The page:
The following is the first few sections of a chapter from The Busy Coder's Guide to Android Development, plus headings for the remaining major sections, to give you an idea about the content of the chapter.
SharedPreferences and your own file structures, the third primary
means of persisting data locally on Android is via SQLite. For many applications,
SQLite is the app’s backbone, whether it is used directly or via some
This chapter will focus on how you can directly work with SQLite to store relational data.
SQLite is a very popular embedded database, as it combines a clean SQL interface with a very small memory footprint and decent speed. Moreover, it is public domain, so everyone can use it. Lots of firms (Adobe, Apple, Google, Symbian) and open source projects (Mozilla, PHP, Python) all ship products with SQLite.
For Android, SQLite is “baked into” the Android runtime, so every Android application can create SQLite databases. Since SQLite uses a SQL interface, it is fairly straightforward to use for people with experience in other SQL-based databases. However, its native API is not JDBC, and JDBC might be too much overhead for a memory-limited device like a phone, anyway. Hence, Android programmers have a different API to learn — the good news being is that it is not that difficult.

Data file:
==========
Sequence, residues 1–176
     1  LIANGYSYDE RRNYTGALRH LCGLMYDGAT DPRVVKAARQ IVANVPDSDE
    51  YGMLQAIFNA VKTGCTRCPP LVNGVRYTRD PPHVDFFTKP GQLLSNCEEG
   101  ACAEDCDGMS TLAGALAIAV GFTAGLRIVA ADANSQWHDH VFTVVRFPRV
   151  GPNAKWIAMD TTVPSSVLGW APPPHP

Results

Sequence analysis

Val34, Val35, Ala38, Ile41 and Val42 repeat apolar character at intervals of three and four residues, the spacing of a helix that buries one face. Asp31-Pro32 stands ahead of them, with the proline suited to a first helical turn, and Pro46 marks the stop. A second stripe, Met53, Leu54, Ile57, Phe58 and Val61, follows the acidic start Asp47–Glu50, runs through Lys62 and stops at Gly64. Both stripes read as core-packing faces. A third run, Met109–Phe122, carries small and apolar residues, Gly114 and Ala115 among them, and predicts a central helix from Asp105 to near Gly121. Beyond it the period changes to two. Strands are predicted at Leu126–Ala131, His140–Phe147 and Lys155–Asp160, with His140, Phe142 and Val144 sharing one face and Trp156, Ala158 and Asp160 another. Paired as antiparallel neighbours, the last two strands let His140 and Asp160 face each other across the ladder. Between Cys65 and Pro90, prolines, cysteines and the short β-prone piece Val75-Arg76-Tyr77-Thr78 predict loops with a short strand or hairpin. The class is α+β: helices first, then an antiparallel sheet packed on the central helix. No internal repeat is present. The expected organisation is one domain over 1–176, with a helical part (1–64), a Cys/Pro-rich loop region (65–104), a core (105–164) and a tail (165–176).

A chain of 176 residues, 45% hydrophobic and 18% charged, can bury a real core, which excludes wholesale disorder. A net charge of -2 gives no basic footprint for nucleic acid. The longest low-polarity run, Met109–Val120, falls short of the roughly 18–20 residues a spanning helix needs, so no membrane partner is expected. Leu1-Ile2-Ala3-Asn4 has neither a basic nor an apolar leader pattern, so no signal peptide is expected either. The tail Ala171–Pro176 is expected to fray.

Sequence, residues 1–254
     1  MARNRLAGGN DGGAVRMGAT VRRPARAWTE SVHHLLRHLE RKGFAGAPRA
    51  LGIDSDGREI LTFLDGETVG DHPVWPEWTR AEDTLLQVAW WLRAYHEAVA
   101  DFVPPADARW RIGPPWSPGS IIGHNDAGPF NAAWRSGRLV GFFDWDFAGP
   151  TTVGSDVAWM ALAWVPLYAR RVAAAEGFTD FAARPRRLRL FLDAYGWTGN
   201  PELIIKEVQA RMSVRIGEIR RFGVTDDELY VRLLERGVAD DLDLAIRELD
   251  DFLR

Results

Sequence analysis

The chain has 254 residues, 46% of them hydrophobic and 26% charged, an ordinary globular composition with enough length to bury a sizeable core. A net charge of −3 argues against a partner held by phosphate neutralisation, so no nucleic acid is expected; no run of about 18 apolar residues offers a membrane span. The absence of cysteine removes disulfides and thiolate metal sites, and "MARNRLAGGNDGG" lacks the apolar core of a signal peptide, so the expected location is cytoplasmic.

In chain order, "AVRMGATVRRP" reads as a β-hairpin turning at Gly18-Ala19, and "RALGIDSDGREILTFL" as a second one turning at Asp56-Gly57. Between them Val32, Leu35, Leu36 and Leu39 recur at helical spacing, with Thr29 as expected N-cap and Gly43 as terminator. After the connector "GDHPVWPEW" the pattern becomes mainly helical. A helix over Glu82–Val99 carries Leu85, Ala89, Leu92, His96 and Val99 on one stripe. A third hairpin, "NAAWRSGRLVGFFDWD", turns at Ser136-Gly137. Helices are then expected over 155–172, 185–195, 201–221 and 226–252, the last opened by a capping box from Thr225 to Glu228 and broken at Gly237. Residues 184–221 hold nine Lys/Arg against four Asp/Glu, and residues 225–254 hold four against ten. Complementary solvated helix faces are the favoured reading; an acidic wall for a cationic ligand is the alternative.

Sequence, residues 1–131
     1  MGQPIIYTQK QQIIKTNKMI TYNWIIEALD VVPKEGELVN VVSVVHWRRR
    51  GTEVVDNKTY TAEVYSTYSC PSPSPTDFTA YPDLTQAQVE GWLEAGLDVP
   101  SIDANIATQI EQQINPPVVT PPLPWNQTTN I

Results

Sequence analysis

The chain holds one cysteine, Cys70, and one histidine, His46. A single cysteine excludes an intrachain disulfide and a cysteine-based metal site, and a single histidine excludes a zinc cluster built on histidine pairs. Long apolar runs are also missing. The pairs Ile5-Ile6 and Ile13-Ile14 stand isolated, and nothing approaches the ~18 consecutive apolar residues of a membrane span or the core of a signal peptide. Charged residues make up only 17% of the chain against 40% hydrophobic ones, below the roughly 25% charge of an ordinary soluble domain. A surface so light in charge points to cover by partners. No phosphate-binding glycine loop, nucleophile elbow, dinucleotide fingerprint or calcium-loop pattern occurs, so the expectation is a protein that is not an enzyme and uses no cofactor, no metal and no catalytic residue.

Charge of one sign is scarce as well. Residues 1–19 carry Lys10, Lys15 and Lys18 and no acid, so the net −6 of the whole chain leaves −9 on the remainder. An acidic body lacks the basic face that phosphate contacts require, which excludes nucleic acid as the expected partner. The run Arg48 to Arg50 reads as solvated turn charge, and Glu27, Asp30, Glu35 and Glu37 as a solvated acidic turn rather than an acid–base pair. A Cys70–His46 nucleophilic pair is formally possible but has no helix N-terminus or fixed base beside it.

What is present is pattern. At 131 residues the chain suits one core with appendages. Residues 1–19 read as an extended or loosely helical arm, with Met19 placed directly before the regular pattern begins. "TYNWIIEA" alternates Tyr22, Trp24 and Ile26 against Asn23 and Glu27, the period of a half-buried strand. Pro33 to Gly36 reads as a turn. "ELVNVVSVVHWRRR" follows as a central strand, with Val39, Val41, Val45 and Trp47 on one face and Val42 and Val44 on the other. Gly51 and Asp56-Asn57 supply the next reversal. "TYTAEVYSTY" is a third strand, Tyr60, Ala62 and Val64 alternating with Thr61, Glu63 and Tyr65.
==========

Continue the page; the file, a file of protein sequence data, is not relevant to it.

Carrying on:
This chapter will cover the basics of SQLite use in the context of working on Android. It by no means is a thorough coverage of SQLite as a whole. If you want to learn more about SQLite, the SQLite Web site may help.
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